# how can I convert a negative log likelihood to likelihood? [duplicate]

how can I convert a negative log likelihood to likelihood between 0 and 1 ?

I use HMMs package in R and I keep getting strange results of the log likelihood for example, -48569 ! I need to understand these values so I can pick the best model. any advice will be appreciated.

thanks

• Simple answer: you cannot. First, because likelihood is not a probability. Second, if you are dealing with continuous data, then you have log-densities and (non-logged) densities are not in [0, 1] and cannot be "converted" to probabilities. – Tim Jul 18 '17 at 15:02
• thanks. I suppose there is a way to represent the values of log likelihood in much better ways. I want to train a discrete hidden Markov model not a continuous. – Amirah Jul 18 '17 at 15:10
• Still, likelihood is not probability. If it will "look nicer" for you you can exponentiate it, but it still will not be a "probability", – Tim Jul 18 '17 at 15:12
• thanks , I have updated the question. My background is computing not statistics that's why I thought they are the same. but the purpose of my question is to get more understandable values of the likelihood. using the exponentiation gives me 0 !! – Amirah Jul 18 '17 at 15:18
• Your question is "I have $-\log L$, how do I get $L$". This seems to be a question of basic algebraic manipulation. Where's the difficulty in undoing those two steps? – Glen_b Jul 18 '17 at 23:16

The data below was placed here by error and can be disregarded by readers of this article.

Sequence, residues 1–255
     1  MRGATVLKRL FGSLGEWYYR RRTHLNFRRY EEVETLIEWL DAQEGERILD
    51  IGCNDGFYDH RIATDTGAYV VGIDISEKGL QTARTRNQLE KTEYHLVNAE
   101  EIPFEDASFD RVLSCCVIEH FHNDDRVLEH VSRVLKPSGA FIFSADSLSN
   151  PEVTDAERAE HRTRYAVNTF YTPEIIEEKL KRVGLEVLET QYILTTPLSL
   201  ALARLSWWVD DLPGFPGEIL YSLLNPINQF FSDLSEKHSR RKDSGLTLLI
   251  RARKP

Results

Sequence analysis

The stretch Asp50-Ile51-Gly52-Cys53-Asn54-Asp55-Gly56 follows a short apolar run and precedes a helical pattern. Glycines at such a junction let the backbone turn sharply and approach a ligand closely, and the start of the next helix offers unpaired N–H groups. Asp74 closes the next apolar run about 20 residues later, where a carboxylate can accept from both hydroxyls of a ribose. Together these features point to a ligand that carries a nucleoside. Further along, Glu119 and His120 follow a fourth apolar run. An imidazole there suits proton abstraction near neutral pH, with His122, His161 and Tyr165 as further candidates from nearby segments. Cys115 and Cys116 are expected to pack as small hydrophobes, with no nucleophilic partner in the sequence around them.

The log likelihood is the log of the likelihood. To get the likelihood from the log likelihood just take the exponential:

$$\text{Likelihood} = e^{\text{Log Likelihood}}$$

This should result in a very small number. Instead you can get the "avg. likelihood" by line in your dataset that is easier to interpret :

$$\text{Avg. Likelihood} = e^{\frac{\text{Log Likelihood}}{\text{Number of Lines}}}$$

Now, what I'm going to say may be true for most basic models, but not for every model.

For a discrete dependent variable $Y$, the likelihood is a probability between 0 and 1. For a continuous dependant variable $Y$, it is the value of the probability density of $Y$ and may not be smaller than 1. This can be interpreted as a probability by units of $Y$.

Anyway, this probability (or density) may not have a very clear meaning. It is not, like in Bayesian analysis, the probability that the parameters are correct. It is the probability that such data is observed given the fitted model.

• thank you for your detailed answer. so what do you think if I did the following : -48569 = log(1/48569) which gives -10.79074 , then convert log to probability using 10.79074/ (1+10.79074) = 0.91 . is this correct ? – Amirah Jul 18 '17 at 15:26
• No. The log of minus the log likelihood is nothing meaningful. – Benoit Sanchez Jul 18 '17 at 15:32
• What your are doing this way is create an increasing function from the log likelihood to get between 0 and 1. It is nice for visualizing it as a "score". But it is not a probability. – Benoit Sanchez Jul 18 '17 at 15:39
• For the same kind of model (same way of computing the log likelihood), then a higher log likelihood means a better fitted model. The best fitting model is the one with highest log likelihood (sign must be kept, I mean -2000 is higher than -3000). – Benoit Sanchez Jul 18 '17 at 15:50
• many thanks and sorry I make it a long conversation! what if I keep getting better and better models ? when should I stop to avoid overfitting ? – Amirah Jul 18 '17 at 15:55